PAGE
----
Use this URL to cite or link to this record in EThOS: http://ethos.bl.uk/OrderDetails.do?uin=uk.bl.ethos.630169
Title: Evaluation of the planning and implementation of NHS Local Improvement Finance Trust (LIFT) in East London
Author: Oliver, Mudyarabikwa
Awarding Body: University of East London
Current Institution: University of East London
Date of Award: 2013
Availability of Full Text:
Access through EThOS:
Access through Institution:
Abstract:
Procurement of NHS primary care buildings was reserved for the DH working through PCTs until LIFT was introduced. The DH anticipated that LIFT would effectively mobilise private sector finance and expertise in improving the quality of buildings. But LIFT’s suitability to achieve this is questioned on grounds that it uses market mechanisms that may fail when applied in health. This case-study explored with people directly involved in LIFT their views and experience of how it helped them in procuring desired buildings. It was driven by desire to understand whether and how contextual factors and mechanisms in LIFT supported staff efforts, hoping the findings would influence DH officials in revising the guidance to make LIFT effective. Evidence was primarily collected through in-depth interviews with 25 informants drawn at two PCTs, the LiftCo and LIFT buildings. Data from interviews was complemented by documentary analysis and tours to make observations at four LIFT buildings. The data was coded for analysis in NVivo. The key findings were organized into four analytical categories aligned with the research questions for interpretation to generate relevant answers. The study revealed that the important factors for progress in LIFT involved commitment of PCT boards; engaging PCT managers in strategic decisions and empowering them in influencing governance issues. Progress may be enhanced through DH officials encouraging increased collaboration between LIFT partners and promoting contractor competition in service delivery. Barriers to progress included the LiftCo over-prioritising efficiency, hiring of contractors lacking experience in health, and the DH not sufficiently supporting PCT managers in increasing their capacity to make LIFT effective. Informants believed LIFT could improve procurement provided ways of addressing the barriers were explored. LIFT outcomes are a result of factors in its contexts influenced by policy-makers and decisions taken by operational staff. Recommendations are offered for these constituents in LIFT and for future research. DH officials should get feedback on practicalities of LIFT guidance by engaging PCT managers in making strategic decisions and empowering them in translating their experiences into actions. This could make LIFT effective and reduce the risks that were highlighted.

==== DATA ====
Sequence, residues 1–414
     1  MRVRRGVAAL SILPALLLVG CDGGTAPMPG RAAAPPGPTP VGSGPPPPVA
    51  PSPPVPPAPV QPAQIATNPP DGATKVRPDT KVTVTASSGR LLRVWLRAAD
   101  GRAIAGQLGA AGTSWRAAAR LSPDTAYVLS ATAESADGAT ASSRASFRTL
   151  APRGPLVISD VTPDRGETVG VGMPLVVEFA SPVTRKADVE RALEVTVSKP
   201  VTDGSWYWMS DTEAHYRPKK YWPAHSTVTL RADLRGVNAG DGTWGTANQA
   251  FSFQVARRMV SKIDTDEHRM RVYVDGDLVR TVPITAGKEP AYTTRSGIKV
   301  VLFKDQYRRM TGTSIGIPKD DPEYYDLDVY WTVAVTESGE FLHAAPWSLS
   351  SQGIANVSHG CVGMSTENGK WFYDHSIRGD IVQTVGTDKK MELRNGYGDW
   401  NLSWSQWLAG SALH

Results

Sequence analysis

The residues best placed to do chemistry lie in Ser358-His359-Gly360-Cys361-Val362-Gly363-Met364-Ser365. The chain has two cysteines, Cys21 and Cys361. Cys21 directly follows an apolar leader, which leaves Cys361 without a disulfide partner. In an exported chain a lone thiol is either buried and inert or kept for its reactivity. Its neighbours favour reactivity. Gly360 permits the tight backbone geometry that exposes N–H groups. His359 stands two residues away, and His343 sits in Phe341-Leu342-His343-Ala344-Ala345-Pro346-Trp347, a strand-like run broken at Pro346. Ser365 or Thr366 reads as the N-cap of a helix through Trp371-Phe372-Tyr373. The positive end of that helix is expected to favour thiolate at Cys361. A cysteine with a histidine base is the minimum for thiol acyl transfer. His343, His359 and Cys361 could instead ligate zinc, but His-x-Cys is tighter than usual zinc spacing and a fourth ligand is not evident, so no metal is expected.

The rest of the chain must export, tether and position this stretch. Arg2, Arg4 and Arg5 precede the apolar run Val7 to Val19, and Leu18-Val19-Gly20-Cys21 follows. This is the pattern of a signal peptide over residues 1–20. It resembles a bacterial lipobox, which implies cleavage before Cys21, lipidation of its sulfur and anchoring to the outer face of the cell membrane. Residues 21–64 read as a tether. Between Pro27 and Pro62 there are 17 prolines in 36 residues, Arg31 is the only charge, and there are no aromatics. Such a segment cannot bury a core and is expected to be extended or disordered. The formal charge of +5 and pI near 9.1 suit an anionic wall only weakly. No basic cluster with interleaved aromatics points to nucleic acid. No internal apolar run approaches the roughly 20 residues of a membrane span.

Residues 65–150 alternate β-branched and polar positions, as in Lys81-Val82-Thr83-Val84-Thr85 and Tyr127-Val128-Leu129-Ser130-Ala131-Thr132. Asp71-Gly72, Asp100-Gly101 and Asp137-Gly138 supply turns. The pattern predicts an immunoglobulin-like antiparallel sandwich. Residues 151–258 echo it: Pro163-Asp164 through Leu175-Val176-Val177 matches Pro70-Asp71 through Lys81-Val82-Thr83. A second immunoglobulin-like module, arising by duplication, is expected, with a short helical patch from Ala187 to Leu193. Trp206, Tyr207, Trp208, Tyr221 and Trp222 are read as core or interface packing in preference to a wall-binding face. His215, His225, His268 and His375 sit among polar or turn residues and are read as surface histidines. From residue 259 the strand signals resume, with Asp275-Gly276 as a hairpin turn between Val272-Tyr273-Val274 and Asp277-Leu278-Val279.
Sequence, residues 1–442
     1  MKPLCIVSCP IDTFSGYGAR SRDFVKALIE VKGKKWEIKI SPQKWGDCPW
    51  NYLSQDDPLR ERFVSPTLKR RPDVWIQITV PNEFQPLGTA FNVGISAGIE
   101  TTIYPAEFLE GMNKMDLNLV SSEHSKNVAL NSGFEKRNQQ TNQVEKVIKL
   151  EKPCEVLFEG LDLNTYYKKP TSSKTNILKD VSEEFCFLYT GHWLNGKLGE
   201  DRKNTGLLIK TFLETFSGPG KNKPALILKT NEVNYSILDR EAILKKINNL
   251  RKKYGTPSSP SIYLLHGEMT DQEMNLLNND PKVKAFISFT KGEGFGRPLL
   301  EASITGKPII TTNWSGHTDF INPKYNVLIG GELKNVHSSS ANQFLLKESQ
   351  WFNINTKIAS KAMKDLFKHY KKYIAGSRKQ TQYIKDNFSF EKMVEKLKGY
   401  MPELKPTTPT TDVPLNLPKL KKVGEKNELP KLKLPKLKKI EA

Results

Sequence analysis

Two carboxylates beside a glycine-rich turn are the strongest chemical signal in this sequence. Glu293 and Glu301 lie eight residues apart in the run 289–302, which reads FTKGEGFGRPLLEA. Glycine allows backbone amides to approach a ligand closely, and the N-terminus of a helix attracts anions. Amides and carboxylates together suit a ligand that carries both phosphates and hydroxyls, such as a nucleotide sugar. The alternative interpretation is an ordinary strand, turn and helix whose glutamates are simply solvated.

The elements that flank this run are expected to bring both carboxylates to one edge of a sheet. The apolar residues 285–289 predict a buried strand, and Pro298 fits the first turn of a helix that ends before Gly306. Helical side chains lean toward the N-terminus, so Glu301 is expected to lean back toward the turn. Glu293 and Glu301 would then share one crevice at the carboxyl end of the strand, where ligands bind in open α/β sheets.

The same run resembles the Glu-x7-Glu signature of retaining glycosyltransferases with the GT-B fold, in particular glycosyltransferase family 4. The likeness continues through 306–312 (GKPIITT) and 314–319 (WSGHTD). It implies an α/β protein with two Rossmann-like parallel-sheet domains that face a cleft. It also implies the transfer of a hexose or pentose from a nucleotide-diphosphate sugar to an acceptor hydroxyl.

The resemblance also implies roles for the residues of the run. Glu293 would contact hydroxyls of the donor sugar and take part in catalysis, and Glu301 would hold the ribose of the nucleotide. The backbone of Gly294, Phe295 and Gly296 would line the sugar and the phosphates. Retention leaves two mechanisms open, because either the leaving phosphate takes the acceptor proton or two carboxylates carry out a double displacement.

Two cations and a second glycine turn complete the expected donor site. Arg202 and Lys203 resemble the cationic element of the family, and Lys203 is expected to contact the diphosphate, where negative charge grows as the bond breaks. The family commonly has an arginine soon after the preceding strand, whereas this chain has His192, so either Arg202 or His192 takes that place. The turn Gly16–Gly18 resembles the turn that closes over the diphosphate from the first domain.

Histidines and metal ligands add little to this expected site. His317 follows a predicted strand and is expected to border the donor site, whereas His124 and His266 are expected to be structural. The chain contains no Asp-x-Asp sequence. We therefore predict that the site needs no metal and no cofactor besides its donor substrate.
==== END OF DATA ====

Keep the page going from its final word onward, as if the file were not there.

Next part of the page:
Supervisor: Not available Sponsor: Not available
Qualification Name: Thesis (Ph.D.) Qualification Level: Doctoral
EThOS ID: uk.bl.ethos.630169  DOI: Not available
Share: